Poor people may feel like they never get a break, but it’s worse than that, according to a study of low-income families in Washington. They are getting gouged.
The report prepared by the Statewide Poverty Action Network and VOICES of Spokane details how the poor pay more for goods and services than higher-income residents.
From a loaf of bread to a home mortgage, the poor pay higher prices, not just in terms of percent of income, but in real dollars, according to the report, “The High Cost of Being Poor in Washington State.”
The findings were released Tuesday at a gathering of about 75 advocates for the poor at Salem Lutheran Church in the 3rd Legislative District, which has the lowest per capita income in the state, according to its representative, Tim Ormsby, who spoke at the gathering.
Ormsby tied poverty to an unremitting cycle of “anxiety, despair and violence.”
Also addressing the crowd was Cristy Guy, a single mother of two who is struggling to escape poverty.
“Instead of paying for more places to lock people up, we need to start paying to help them get them on their feet,” Guy said.
The state study, patterned after national research by the Brookings Institution, revealed price disparities in four key areas of daily life:
•Food, particularly fresh produce, is more expensive and of worse quality in poor neighborhoods than in wealthier ones.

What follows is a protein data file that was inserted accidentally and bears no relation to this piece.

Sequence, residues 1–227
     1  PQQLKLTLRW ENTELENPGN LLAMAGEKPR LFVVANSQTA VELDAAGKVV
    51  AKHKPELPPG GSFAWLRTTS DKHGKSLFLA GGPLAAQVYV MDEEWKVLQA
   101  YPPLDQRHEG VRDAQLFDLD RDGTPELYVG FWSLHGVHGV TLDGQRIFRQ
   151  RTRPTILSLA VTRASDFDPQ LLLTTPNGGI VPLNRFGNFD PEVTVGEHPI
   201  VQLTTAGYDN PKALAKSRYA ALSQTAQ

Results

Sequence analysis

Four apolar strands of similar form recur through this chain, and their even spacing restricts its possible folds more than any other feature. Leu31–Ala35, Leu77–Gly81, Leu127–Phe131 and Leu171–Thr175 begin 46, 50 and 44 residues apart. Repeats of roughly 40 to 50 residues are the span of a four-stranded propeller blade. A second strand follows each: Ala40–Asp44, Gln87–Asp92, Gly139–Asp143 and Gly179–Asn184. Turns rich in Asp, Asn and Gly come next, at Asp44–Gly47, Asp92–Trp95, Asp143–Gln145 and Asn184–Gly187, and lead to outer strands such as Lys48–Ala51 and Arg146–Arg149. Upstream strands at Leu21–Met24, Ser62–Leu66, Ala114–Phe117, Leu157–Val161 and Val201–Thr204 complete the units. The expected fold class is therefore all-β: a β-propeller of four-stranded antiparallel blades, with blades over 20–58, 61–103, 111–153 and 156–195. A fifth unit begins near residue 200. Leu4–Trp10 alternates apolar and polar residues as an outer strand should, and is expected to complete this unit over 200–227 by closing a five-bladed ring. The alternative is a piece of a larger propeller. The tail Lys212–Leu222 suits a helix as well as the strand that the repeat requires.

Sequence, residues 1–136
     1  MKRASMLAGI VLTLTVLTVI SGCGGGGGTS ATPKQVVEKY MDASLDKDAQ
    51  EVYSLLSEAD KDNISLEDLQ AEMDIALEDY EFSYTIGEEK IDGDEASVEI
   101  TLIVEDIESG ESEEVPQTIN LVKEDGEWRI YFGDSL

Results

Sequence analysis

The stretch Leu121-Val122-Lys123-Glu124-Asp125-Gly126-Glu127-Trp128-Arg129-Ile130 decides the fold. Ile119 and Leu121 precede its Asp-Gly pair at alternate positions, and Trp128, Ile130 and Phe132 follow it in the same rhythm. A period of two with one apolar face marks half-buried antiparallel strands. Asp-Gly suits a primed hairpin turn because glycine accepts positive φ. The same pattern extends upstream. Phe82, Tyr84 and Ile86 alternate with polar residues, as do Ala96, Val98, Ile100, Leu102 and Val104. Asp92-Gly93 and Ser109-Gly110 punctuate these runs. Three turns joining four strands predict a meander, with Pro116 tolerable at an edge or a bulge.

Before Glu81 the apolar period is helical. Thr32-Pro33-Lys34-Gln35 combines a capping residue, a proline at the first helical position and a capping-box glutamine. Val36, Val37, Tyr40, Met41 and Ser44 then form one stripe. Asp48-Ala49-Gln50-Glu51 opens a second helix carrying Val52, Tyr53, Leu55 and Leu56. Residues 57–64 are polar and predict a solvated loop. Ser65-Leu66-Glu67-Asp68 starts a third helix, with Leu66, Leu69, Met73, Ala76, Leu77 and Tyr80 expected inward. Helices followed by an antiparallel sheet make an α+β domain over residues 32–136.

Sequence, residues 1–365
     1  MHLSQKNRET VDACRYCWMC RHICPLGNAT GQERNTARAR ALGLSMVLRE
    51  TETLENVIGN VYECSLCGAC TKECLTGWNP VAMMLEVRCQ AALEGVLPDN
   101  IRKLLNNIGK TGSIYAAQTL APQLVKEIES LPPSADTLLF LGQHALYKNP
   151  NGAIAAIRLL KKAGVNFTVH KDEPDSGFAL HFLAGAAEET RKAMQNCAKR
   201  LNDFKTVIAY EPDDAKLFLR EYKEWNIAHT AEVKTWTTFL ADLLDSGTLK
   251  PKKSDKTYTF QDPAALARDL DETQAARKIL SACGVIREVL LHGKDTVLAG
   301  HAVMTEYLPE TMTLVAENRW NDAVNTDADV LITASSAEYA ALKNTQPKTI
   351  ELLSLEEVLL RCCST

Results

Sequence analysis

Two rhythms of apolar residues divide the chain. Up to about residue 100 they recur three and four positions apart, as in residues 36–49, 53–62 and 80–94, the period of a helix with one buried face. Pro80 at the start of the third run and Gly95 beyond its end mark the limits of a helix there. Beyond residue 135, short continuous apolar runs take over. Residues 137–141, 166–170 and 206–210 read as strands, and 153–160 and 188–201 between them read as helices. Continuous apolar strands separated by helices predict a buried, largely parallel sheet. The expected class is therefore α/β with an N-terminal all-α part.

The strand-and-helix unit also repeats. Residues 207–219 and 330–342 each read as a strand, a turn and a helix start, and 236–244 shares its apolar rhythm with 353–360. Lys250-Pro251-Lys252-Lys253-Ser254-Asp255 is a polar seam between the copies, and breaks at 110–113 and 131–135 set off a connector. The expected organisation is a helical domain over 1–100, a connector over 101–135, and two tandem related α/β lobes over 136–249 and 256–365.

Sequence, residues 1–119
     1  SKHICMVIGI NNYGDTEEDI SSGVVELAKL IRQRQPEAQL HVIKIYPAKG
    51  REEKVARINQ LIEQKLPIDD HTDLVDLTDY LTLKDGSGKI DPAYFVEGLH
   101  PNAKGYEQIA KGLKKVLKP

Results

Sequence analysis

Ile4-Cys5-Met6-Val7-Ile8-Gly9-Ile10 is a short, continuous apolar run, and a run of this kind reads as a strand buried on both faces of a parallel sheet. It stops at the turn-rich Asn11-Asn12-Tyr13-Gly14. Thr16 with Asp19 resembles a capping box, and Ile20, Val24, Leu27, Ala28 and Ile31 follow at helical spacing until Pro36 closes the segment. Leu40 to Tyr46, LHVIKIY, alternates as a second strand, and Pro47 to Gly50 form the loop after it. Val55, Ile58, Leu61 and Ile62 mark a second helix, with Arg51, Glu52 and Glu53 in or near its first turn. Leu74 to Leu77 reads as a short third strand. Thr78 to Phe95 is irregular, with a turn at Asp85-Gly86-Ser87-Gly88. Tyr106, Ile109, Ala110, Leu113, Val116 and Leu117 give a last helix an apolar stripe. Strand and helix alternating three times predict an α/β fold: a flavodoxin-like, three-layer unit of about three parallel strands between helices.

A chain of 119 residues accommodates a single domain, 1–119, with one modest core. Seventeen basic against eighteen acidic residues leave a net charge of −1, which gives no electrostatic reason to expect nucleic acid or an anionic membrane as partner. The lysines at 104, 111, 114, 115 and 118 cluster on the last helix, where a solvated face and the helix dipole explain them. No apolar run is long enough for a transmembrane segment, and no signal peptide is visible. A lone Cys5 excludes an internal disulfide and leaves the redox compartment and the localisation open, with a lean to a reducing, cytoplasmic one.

•Transportation issues are often an obstacle to escaping poverty, and the poor pay more for vehicles and insurance premiums. Public transportation often is not an option, particularly for people working irregular hours.
•Housing not only costs the poor a higher percentage of their income, but home mortgage terms, including interest rates and fees, often are higher in lower-income neighborhoods.
•Financial services are fewer in low-income neighborhoods, and the poor often have to rely on payday loan institutions that trap them in cycles of high-cost debt.
The report makes several recommendations to alleviate the disproportionate cost burden for the poor, including:
•Granting tax incentives to grocery stores willing to open in poor neighborhoods.
•Community programs that promote competitive pricing and reasonable financing for automobiles.
•Elimination of predatory home-mortgage lending through community negotiations with lenders.
•Expansion of community-based credit unions and consumer protection laws that cap interest rates charged by payday lenders.
In a discussion following presentation of the report, a nurse who visits low-income families in their homes said often the cycle of poverty is more about ZIP codes than personal choices.
“Where you live matters,” Kathy Bernier said. “A person who lives in a million-dollar home has planned to live there, but a person on (Temporary Assistance to Needy Families) does not get to choose where he lives.”